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IN PATIENT by Jenn Stroud Rossmann

When the IV pump pings to warn of an occlusion, she no longer waits for someone in scrubs to respond; she unkinks the tubing herself. In the hierarchy of beeps the IV occlusion alert is low, outranked by the chirping pulse-Ox monitor and the angry squawk of the bedside fall detection mat. King EKG checkmates them all.

He dislikes her charts and schedules, cringes when she calls the nurses by name and remembers their children and hobbies. Order is a dangerous illusion. He imagines himself on a science fair poster, her little bean sprout in a milk carton. He is in exactly the same position on Monday when the nurse from Friday says, Yes, the beach was lovely, thanks for asking. The beach can go fuck itself.

She has noticed they’re the youngest people here. They are the ward’s doomed lovers: buds severed before blooming and all. Yesterday she saw a patient making her shuffling rounds, hugely pregnant, her belly a prow. He was sleeping when the woman walked by. “Perspective,” she tells him later. “I can’t even imagine.”

His hands and feet are numb, rubbery and distant as if he’d sat on them too long. Barefoot on the sand would probably feel like walking on the moon. Compression boots on his calves perform a programmed sequence of rhythmic squeezes. A gentle hiss accompanies each release. In the time it takes to count to eighty-seven, they will begin squeezing again.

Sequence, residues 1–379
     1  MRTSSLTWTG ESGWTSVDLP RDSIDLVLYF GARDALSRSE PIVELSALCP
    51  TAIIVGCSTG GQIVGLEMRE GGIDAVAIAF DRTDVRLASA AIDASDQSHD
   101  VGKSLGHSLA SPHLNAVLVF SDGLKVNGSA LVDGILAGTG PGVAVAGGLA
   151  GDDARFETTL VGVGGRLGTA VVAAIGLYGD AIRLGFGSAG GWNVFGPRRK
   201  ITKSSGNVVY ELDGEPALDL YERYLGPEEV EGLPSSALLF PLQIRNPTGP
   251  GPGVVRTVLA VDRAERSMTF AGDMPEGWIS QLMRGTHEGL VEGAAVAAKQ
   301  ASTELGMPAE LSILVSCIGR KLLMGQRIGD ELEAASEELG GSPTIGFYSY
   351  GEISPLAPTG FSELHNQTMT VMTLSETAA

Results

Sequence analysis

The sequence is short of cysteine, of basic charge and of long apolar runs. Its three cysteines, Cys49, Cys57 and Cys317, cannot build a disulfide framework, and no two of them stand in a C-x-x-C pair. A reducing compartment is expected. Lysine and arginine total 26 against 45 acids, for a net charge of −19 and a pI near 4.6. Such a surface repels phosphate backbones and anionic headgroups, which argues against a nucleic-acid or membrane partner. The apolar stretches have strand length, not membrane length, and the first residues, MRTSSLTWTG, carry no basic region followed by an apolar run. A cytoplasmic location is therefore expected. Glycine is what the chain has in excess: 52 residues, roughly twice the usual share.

She can imagine, she has envisioned all the worst things. Each prognosis a coin to flip: an 84% chance of five more years leaves 16% of design space. It was her job to create optimized solutions for stakeholder specs, before it was her job to dose him with Ativan and rub his extremities with mint oil for the neuropathy. This is the only time he does not shrink from her touch. He says he feels unlovable this way. But she has already imagined that this may be the only way from now on; this may be the best it will ever be.

Again with the damn peppermint oil. Somebody on one of her message boards must’ve claimed it gave auntie or grandma relief. He hasn’t been online in weeks, but he is tempted to grab her phone to broadcast: The oil is bullshit. Also, forget the antinausea diet, smuggle in burritos. He misses food that wasn’t engineered to be bland.

His first week in the hospital, she was putting away his laundry when she found the ring box. She does not know whether he’d bought it before the diagnosis. She does not know whether she cares.

On the TV mounted in the corner, he watches nature shows. He resisted these – a message board favorite – at first, afraid of zither music and gazelles loping in slow motion. He does not want to be lulled into anything like comfort. Yet he’s compelled by the red foxes taunting a grizzly bear lumbering behind; the squirrel who thinks he’s outsmarted the hawk only to be swooped upon by a thunder of talons and beak.

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